Surviving the Whiteman's world : adult education in Aboriginal society

McClay, David J. L. (1988). Surviving the Whiteman's world : adult education in Aboriginal society PhD Thesis, Graduate School of Education, The University of Queensland.

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Author McClay, David J. L.
Thesis Title Surviving the Whiteman's world : adult education in Aboriginal society
School, Centre or Institute Graduate School of Education
Institution The University of Queensland
Publication date 1988
Thesis type PhD Thesis
Total pages 464
Language eng
Subjects 130301 Aboriginal and Torres Strait Islander Education
Formatted abstract This thesis is an exploratory study in the field of Aboriginal adult education. It seeks to place the activity in theoretical perspective and to offer a model of an education that can assist Aboriginal people to move towards the realization of their central aspirations.

The theoretical framework for the study is developed in Chapters Two and Three. Through an examination of the Weberian categories of class, status, and party. Aboriginal people are located in Australia as an underclass in a stratified society. Related concepts of ethnicity and power are examined and theories of the state reviewed, since it is argued that the relationship between tribal Aboriginal people and non-Aboriginal people is in large measure determined by the state.

Theories of sociocultural change are presented and applied to an analysis of the adaptations that Aboriginal cultures and society are undergoing. The concept of a permanent identity system is elaborated and the implication drawn that the retention of a collective identity through adherence to the meanings contained within a system of symbols, is a possible goal for Aboriginal people.

The study adopts a critical perspective. The data were collected through a qualitative participant - observation methodology and supported and extended by structured and unstructured interviews. The theoretical formulations through which these data were analyzed derive from the general body of critical sociological thought.

The nature of the contact between Aboriginal and non-Aboriginal people is given a specific setting in Chapter Four through an examination of the history of contact of the Warlpiri people with whites. This section contextualizes the study and explains in part, the development of the relationships that exist in the contemporary setting. Those relationships are examined in Chapter Five through a critical ethnography of Lajamanu, a Warlpiri community in the Northern Territory where the research was conducted.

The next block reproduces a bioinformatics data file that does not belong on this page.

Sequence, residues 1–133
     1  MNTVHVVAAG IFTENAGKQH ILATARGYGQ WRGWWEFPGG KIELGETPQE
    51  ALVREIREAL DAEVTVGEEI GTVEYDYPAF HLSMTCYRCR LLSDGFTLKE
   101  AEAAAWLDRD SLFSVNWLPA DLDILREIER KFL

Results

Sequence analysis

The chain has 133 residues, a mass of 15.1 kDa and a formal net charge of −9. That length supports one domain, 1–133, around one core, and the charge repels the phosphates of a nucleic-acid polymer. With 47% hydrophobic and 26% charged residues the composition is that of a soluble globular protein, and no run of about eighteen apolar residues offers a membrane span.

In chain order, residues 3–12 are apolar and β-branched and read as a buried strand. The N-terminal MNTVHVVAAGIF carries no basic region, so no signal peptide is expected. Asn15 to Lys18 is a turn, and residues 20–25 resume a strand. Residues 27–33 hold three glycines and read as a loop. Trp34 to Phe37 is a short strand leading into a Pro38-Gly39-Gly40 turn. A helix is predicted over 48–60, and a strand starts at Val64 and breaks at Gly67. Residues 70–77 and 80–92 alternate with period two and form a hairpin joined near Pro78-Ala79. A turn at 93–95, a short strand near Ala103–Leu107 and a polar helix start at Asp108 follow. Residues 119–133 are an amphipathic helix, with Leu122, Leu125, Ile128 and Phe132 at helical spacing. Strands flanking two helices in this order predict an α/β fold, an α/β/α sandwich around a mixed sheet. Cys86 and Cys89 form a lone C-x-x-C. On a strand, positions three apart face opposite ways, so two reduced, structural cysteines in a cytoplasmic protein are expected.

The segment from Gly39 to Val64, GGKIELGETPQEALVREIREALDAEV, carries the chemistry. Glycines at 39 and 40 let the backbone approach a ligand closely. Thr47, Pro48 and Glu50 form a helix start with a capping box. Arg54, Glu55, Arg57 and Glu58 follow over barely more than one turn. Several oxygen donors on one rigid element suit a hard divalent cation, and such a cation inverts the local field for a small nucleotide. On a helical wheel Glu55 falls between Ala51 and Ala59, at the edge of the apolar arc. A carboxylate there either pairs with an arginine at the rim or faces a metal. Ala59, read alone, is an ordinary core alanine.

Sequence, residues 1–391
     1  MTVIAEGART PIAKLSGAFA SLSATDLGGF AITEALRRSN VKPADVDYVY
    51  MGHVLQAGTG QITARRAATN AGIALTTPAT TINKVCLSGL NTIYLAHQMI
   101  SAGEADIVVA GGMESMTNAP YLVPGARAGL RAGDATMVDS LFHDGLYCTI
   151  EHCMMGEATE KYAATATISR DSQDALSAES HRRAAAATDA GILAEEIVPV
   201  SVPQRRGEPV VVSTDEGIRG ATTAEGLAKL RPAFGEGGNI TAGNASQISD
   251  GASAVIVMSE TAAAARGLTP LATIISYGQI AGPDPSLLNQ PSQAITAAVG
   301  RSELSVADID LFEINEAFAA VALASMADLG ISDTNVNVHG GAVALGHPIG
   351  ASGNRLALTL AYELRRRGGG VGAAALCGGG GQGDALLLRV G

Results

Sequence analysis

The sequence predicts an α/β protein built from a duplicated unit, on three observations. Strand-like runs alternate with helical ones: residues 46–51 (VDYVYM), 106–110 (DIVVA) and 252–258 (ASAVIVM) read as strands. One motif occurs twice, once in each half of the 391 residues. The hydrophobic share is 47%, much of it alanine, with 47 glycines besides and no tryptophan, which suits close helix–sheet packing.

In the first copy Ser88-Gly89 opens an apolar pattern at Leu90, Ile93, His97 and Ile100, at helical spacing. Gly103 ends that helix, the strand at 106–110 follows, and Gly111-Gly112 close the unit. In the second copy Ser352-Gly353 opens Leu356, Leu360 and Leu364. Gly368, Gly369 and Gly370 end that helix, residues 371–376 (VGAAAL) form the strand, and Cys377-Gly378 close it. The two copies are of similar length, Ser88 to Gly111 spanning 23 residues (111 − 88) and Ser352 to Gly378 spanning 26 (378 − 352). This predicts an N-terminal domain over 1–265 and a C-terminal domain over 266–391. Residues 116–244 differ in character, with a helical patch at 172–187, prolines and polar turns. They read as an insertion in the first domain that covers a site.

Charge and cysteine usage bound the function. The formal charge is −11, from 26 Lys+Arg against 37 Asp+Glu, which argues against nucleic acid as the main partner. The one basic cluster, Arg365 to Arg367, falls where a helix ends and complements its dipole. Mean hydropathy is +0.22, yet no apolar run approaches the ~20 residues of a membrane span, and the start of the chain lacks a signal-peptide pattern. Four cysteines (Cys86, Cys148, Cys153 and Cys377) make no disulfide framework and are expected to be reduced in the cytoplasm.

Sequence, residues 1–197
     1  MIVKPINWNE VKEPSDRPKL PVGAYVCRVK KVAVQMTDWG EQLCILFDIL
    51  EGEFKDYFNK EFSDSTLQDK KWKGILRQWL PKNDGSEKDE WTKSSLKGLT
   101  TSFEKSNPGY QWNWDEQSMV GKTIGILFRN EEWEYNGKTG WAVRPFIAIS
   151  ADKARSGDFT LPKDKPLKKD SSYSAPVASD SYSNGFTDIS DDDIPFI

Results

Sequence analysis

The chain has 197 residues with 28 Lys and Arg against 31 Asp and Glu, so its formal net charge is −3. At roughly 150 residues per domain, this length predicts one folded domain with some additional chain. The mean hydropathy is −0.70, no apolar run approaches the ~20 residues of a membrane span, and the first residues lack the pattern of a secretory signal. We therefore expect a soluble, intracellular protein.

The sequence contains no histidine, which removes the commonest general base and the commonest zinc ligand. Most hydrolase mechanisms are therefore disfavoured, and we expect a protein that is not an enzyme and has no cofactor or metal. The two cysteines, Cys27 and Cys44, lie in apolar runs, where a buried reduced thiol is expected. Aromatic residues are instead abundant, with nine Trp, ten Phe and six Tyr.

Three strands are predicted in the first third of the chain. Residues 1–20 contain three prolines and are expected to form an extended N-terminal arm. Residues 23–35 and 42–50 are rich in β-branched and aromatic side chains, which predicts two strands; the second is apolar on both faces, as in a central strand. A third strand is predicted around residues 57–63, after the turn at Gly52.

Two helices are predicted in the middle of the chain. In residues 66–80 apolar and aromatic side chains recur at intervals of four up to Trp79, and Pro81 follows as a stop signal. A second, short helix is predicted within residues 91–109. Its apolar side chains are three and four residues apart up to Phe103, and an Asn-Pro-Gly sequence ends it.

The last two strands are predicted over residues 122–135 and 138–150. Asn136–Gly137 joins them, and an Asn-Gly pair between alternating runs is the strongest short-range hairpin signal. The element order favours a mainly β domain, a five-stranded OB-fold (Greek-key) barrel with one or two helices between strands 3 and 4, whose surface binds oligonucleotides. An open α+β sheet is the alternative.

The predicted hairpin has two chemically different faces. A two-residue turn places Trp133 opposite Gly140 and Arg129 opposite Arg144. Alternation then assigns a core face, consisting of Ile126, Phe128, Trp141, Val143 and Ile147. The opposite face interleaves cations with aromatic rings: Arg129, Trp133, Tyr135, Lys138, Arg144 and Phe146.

Two key issues are considered in Chapters Six and Seven, aspirations and autonomy. In keeping with the critical perspective, much of the data consist of Aboriginal people speaking about their lives and their world.

The central aspiration of the Lajamanu Warlpiri is drawn out and shown to be a desire to live within family, under "the Law", free from domination by white people. This aspiration is held throughout their community, but the young people especially are being prevented from realizing this goal by forces that originate within the encroaching white world.

In the final two chapters several forms of adult education are analyzed and a model of an adult education that seeks to free people from various social structural constraints is developed in contrast to those forms of adult education that are centered on training and adjustment to the status quo. A set of nine principles for Aboriginal adult education is derived from theory and these structure the model. It is argued that while the model is radical to the extent that it seeks to increase the control Aboriginal people have over their lives and seeks to help them move towards fulfilling their own aspirations, it is nonetheless a model of education that stems from the logic of the policy of self-management for Aboriginal people, as advocated by conservative governments throughout Australia.
Keyword Aboriginal Australians -- Education
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